Judaism: Active and Sensitive by Rabbi Hershel Solnica z’tl


Parshat Ki Tavo begins with a detailed description of the Mitzvah of Bikurim.  The Mishnayot tell us how a farmer would tie a ribbon on the first sprouting crops.  When the crops were ready, he would bring a small amount to the Kohen and make a special presentation and pronouncement.  This ritual concludes with the sentence, “You shall be glad with all the goodness that Hashem has given you…”  (26:11).

Such a beautiful and joyous ritual for a simple, non-expensive presentation!  When one has to give Ma’aser, one-tenth of one’s crop, by contrast, there is no such ritual, just pay-up!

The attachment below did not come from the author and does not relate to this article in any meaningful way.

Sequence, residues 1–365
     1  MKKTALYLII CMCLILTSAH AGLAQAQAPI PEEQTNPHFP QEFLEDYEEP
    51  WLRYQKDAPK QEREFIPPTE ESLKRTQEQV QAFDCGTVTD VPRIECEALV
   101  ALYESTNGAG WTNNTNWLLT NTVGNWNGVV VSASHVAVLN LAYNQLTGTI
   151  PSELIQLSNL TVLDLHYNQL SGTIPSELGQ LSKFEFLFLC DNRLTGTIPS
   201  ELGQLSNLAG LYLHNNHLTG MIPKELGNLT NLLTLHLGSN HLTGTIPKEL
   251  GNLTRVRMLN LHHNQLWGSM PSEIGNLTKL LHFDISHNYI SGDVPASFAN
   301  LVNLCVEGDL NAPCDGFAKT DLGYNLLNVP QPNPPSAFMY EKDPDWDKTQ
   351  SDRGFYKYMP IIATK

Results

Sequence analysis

A reason for this difference might reflect the very essence of Torah.  The Torah wants us to participate in every Mitzvah.  Torah commandments are not spectator events.  Ma’aser is just paying a debt to a Levi or poor person.  Bikurim is the act of appreciation of all that one owns.  My father, zt”l, would always lamentthe fact that so many Jews die of heart-attacks.  His un-medical view 40 years ago was that when Jews substitute a good heart instead of being a Jew, there is an excessive load place on the heart.  “Do you keep Shabbat?”  “No, but I have a good Jewish heart.”  “Do you keep Kashrut?  Put on Tefillin?”  “No, but I wear a Star-of-David pin.”  This is an excessive amount of non-participatory Judaism.  Judaism requires an act of Bikurim, love, and a sensitive mind to realize that all that we have, all that we are, and everything that we can hope for is only granted by the grace of Hashem.

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